What is employee retention?
Employee retention is the extent to which an organization keeps or ‘retains’ its employees. It could be said to be the opposite of employee turnover. Employee retention strategies are expressed using a stability index, indicating longer-term employees who remain employed.
Due to the importance of employee retention, organizations often invest time and money into minimizing unwanted employee turnover and ensuring professional development.
Why does employee retention matter?
Successful employee retention programs are important to organizations because they indicate employee engagement levels. If employees enjoy working somewhere and are given the proper support and opportunities, they are more likely to stay. Therefore, employee retention can be used as a KPI for employee satisfaction and engagement.
To retain employees, there are several reasons that the employers should take note of :
- It can save an organization money. The cost of recruiting and training new employees can be high.
- It can help to maintain continuity and stability within an organization.
- It can improve performance as employees become more experienced and familiar with their roles.
- It can help to build a strong employer brand, making it easier to attract new employees.
Generally, with increased job satisfaction and engaged employees, an organization will typically experience :
- Better productivity
- Lower absence
- Reduced costs.
What causes high employee turnover?
There are several reasons why employees may choose to leave an organization, including:
Poor management :
Employees may leave if they feel that their managers are not good at their jobs or if they do not feel supported by management.
Lack of development opportunities:
Employees may become frustrated if they feel that they are not being given the opportunity to develop and progress in their careers.
Poor work/life balance:
If an organization does not offer a healthy work/life balance, employees may become stressed and overworked, leading to a high departing employee rate.
Poor pay and benefits:
If employees feel they are not being paid fairly or their benefits are not good, they may seek a job elsewhere with competitive compensation in the job market.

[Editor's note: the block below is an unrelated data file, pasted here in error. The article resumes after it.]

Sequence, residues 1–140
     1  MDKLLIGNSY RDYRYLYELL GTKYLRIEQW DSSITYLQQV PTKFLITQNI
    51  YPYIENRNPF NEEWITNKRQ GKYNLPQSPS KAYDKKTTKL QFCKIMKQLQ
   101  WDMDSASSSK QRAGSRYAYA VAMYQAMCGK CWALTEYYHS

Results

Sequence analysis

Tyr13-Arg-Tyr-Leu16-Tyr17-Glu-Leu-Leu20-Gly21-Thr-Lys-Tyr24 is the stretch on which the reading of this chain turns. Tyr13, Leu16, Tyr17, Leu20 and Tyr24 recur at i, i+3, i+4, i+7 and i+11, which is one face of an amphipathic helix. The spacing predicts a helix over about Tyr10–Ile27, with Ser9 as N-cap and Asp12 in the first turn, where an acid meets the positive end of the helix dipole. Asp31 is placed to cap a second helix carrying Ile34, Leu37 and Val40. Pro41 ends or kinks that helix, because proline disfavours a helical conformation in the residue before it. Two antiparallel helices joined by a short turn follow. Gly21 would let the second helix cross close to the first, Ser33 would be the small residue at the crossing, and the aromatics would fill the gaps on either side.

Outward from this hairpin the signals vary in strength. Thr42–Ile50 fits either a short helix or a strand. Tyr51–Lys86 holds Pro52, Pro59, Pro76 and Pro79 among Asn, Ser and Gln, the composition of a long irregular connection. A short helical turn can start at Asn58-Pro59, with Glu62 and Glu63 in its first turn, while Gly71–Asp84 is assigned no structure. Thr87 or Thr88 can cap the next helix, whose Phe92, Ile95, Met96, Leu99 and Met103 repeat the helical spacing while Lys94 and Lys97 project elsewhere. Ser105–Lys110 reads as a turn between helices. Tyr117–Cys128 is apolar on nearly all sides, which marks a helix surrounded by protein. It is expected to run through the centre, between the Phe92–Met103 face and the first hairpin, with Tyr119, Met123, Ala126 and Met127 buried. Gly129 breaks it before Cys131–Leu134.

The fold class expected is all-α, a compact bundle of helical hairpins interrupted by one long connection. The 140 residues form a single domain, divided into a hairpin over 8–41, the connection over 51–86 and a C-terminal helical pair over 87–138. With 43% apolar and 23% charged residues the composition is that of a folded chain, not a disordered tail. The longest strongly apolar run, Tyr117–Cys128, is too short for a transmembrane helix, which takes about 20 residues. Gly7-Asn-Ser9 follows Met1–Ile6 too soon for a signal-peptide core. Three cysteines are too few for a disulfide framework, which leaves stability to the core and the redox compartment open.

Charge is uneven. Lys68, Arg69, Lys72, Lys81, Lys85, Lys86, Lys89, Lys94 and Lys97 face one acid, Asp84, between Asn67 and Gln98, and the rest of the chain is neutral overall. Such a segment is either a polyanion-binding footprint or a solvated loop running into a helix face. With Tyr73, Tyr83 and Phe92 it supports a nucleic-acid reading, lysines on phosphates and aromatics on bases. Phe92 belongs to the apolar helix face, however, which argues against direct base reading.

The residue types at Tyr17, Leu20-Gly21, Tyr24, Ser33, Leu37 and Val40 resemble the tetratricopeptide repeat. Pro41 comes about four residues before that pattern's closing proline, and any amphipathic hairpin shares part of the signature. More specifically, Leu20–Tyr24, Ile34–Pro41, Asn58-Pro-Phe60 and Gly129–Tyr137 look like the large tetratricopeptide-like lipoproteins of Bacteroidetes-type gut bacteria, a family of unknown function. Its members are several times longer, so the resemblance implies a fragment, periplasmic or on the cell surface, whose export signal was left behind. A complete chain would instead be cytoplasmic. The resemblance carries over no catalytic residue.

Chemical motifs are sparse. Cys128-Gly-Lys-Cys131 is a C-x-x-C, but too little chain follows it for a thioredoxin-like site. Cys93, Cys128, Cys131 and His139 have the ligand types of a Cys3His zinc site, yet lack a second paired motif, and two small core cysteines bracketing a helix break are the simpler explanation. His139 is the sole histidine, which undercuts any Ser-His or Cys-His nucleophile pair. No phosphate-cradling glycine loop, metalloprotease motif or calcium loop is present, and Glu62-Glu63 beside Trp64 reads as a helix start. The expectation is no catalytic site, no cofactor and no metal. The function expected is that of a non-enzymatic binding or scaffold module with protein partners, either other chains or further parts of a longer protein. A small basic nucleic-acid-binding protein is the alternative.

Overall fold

Lack of recognition:
If employees feel their hard work is not being recognized or appreciated, they may start looking for a new job.
Bullying or harassment:
If an employee is being bullied or harassed at work, they may feel that they have no choice but to leave.
Unhappy with the company culture:
If an employee is not happy with the company culture, they may look for a job with a better fit.
How do you calculate the employee retention rate?
The stability index allows managers to calculate the employee retention rate. This is calculated as follows :
The number of people employed over the stated time period ÷ number of people employed at the start of the stated time period x 100 = retention.
For instance, if you have 79 people employed over a year and 81 employed at the start of that period, your retention figure would be 97.5%.
(79 ÷ 81) x 100 = 97.5%.
It is important to include the correct number of employees in your figures. Only individuals who have been employed during the entire time period should be included. You should exclude people who were hired or left part-way through.
How can you increase employee retention?
There are several steps an organization can take to improve employee retention strategy. Many of these focus on strengthening company culture and improving employee engagement to reduce employee turnover. Some ideas include :
Communicating a clear purpose and vision
Employees who work for an organization with a clear and attractive purpose are more likely to stay with their employer. Many companies have a strong vision or mission but do not successfully articulate it to their employees.